There is no one single summary of Chinese documents on threat perception. Samantha Hoffman, “Programming China: the Communist Party’s autonomic approach to managing state security,” PhD diss, University of Nottingham (2017), chapter 2 and Matthew Johnson, “Securitizing Culture in Post-Deng China: An Evolving National Strategic Paradigm, 1994–2014,” World and Local Conflicts, vol 4, iss 1 (2017), pgs. 62-80 cover a fair bit of it, even though neither of them focus on the importance the regime gives to “economic security” or “financial security.”
By now you have noticed the Chinese are floating the idea of some kind of action on the rare earth front. This is more of a problem in the short to medium-term. The US (and Canada) have several rare earth deposits which are currently not under development because they cannot compete and cost (including environmental cost) with Chinese rare earths. If Chinese rare earths disappear from the market, then these projects can be brought online.
Normally permitting and development take several years, but it is reasonable to assume that these will be fast-tracked if American security is at stake.
Probably the larger issue is that the economies of the major global economies are so intertwined, and have become so fragile whatever economic dislocations there are on the horizon will cause catastrophe everywhere.
Here are some pretty pictures from China. http://worldcomplex.blogspot.com/2016/03/minority-report.html
Who will bear the cost? China doesn't produce our food, healthcare, military hardware or education. They make our toys. People won't be rioting in the streets demanding Trump sue for peace if the price of iPhones triples, or if the PRC surges troops on the Taiwanese border. Even if they stop buying soybeans or whatever that affects a tiny interest group, one among thousands. I don't mean to dismiss your concerns, or sound indifferent to the harm that a great power struggle could do. But it seems to me that you're right that most Americans don't care about anything outside the border, and China's ability to impose costs on those inside the border of the United States is comparatively limited.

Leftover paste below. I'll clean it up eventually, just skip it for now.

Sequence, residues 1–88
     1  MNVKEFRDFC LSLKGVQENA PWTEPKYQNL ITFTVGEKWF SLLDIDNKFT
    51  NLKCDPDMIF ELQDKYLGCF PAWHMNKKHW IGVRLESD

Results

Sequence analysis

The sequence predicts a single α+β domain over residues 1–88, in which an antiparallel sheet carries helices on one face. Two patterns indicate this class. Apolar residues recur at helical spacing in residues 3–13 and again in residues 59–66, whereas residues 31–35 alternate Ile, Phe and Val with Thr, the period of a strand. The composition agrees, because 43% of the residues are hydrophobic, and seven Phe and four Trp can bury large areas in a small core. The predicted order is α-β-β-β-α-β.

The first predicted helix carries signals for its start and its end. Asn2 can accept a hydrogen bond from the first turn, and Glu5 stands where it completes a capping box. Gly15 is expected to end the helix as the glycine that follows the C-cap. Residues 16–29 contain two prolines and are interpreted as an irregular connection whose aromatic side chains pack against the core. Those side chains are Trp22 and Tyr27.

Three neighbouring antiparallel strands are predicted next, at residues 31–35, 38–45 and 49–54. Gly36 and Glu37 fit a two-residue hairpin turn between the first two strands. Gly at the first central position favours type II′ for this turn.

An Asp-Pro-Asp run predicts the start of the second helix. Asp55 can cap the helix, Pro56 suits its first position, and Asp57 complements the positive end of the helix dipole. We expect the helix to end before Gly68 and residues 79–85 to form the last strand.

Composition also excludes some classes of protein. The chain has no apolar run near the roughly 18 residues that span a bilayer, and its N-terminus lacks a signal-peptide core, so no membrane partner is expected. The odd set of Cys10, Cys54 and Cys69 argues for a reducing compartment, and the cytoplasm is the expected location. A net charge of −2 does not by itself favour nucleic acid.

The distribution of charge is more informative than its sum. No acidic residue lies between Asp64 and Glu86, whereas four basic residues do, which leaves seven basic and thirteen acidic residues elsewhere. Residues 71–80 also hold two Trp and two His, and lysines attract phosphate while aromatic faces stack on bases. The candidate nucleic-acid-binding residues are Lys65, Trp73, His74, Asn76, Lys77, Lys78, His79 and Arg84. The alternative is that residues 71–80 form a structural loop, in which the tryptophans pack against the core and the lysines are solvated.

@Mickeyman– Correct. China produces about 90% of the worlds rare earths, but only has about 30% of the world's reserves. One question that people often forget though is that the rare earths are not just about mining. They have to be separated and refined after they have beeb mined, and this takes a high initial capital investment to set up.
@Anon–My wager is they will target a specific sector or a specific company. They will find some component in Boeing planes that require Chinese manufacture, some chemical used in Adalimumab or so forth. Something proportional to us hitting Huawei. Alternatively, I suppose they could use cyberweapons, imprison staff of an American company in China, or something of that sort. They will get creative.
In the long run this is a fight for the United States to win. But the people need to know that it will be a fight.
China not only produce 90% of RE, it has 36% of the world's reserves but that's just only part of the story. While the US gov could shorten the time span providing the permit which normally takes 7-10 years for a mine to operate it's not gonna solve the issue of refining the minerals in the short term. It's gonna take like 10 years to develop these capabilities and certain RE are hardly found in the US. In other words US is dependent on China. US won't win the war
I think at this stage China is still trying to inflict pain in very specific points without generating a nationalist backlash in the American public at large. If a few influential interest groups, whether soybean producers or Boeing or Apple, can be made to feel sufficient pain, they will start to exert their influence on the federal government and policy. But if China starts locking up Americans, ramping up cyber attacks, etc, then they're just giving politicians like Trump the fuel they need to build up anti-China sentiment in the general public, which ensures that the current conflict will continue despite the economic pain that may be inflicted on the US. It's tough to tell where a line can be drawn between those two (e.g. how would the American public react to a rare earth export ban? A perceived threat that cannot be countenanced, or a complex and confusing business dealing?), but I think the CCP is trying to avoid inflaming anti-China sentiment in the general US public at this time.